July 14, 2008

A NEPA Digression

By A NEPA Digression

Although this blog is principally concerned about ESA-related materials, the Ninth Circuit Court of Appeals recently issued a decision in a case involving the National Environmental Policy Act and the National Forest Management Act having implications for ESA jurisprudence in the Ninth Circuit and therefore meriting some treatment here.

With good parts of the West suffering from a particularly intense and disastrous fire season, the public is very aware of the importance of sound forest management and wildfire protection. But what may have escaped the public’s notice is a recent court decision that will allow the Forest Service and other forest management agencies to implement needed programs to prevent our National Forests from going up in smoke.

On July 2, the Ninth Circuit issued an en banc decision in The Lands Council v. McNair, a case concerning an environmentalist challenge to a major timber management project in the Idaho Panhandle National Forest. The environmentalist plaintiffs sued to enjoin the project on the grounds that it would harm certain sensitive species and wouldn’t preserve enough old-growth forest. The district court denied the request for an injunction, but on appeal a panel of the Ninth Circuit reversed the lower court and held that the management project must be stopped. The Forest Service and others then moved for rehearing, which was granted.

In its en banc decision, the Ninth Circuit reviewed its recent environmental decisions and determined that a reappraisal was necessary:

[The plaintiffs] ask this court to act as a panelof scientists that instructs the Forest Service how to validate its hypotheses regarding [forest management]. [T]his is not a proper role for a federal appellate court. But [the plaintiffs’] arguments illustrate how, in recent years, our environmental jurisprudence has, at times shifted away from the appropriate standard of review and could be read to suggest that this court should play such a role.

The court then went on to explain the particular recent "shifts" in the case law which needed to be corrected. These were: (1) the rule that the Forest Service must conduct on-the-ground analysis of the effects of proposed forest management projects; (2) the rule that where a proposed project may create a "significant habitat disturbance" for a sensitive species, the Forest Service may not use habitat as a proxy for the species’s continued viability post-project; (3) the rule that the Forest Service must address every uncertainty regarding a proposed project’s environmental effects; and (4) the rule that alleged environmental injury always outweighs injury to economic or human community values.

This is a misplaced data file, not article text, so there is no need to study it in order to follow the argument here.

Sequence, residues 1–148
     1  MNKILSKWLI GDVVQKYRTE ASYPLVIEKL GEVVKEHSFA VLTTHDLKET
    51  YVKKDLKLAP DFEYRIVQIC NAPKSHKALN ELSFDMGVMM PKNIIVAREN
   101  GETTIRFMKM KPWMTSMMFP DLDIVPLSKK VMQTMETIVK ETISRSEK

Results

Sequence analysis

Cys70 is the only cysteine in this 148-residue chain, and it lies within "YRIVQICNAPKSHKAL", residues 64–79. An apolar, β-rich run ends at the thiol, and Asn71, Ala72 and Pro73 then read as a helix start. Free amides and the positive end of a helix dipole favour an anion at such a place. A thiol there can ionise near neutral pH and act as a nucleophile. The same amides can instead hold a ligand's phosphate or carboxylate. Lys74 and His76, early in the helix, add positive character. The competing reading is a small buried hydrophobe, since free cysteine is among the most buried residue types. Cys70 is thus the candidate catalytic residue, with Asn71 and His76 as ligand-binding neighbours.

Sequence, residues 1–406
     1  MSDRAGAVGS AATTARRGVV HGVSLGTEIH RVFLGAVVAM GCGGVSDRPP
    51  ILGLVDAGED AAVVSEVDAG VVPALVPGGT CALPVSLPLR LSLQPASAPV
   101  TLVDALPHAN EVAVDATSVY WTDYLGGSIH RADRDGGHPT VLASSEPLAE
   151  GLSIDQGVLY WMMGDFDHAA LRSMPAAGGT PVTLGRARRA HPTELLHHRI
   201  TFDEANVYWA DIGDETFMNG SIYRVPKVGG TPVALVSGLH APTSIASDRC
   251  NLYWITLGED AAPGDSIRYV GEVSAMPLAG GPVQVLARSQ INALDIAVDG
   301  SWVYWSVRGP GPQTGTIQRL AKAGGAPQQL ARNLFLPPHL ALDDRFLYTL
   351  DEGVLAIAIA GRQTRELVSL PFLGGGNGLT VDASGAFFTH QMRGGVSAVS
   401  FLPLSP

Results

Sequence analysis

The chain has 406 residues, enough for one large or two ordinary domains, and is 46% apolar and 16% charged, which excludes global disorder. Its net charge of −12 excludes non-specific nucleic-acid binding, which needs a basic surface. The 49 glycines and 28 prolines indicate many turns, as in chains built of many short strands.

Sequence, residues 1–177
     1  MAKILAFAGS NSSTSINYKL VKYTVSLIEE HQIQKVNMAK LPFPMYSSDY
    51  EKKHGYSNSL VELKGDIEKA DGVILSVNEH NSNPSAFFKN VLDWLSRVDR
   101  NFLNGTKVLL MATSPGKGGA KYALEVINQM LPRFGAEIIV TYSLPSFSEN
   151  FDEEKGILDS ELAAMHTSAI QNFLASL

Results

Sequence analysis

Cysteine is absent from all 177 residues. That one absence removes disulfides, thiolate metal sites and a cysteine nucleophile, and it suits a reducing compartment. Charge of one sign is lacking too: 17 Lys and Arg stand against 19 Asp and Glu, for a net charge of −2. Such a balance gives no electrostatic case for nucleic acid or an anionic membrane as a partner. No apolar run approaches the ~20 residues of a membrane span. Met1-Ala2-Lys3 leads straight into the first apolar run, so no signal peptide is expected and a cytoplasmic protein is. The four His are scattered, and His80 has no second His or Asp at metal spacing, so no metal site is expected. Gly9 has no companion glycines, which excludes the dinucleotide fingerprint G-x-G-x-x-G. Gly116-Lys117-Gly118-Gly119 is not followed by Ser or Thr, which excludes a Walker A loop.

Indeed, much of the court’s opinions reads like a mea culpa for its past judicial sins. Observing that "Congress has consistently acknowledged that the Forest Service must balance competing demands in managing National Forest System lands," the opinion states that the court’s "proper role" entails deference to the Forest Service; that the court’s earlier decisions contained "key errors"; and that the court, composed of "non-scientists," must not "impose bright-line rules on the Forest Service." It is generally not the role of the courts to second-guess an agency decision reasonably arrived at, or to oppose onerous burdens on agency decisionmaking. As the court admitted, "we hold that to the extent our case law suggests that a . . . violation occurs every time the Forest Service does not affirmatively address an uncertainty . . . , we have erred." And perhaps most importantly, the opinion recognizes, in declining "to adopt a rule that any potential environemental injury automatically merits an injunction," that environmentalism is not the summum bonum. As the court explained:

Though preserving environmental resources is certainly in the public’s interest, the [management project under review] benefits the public’s interest in a variety of other ways. According to the Forest Service, the Project would decrease the risk of catastrophic fire, insect infestation, and disease, and further the public’s interest in aiding the struggling local economy and preventing job loss.

The decision in The Lands Council is a win not just for the Forest Service, but for the public at large. It promises to have salutary effect throughout the West, which is good news for those interested in sound forest management, as well as balanced environmental regulation.

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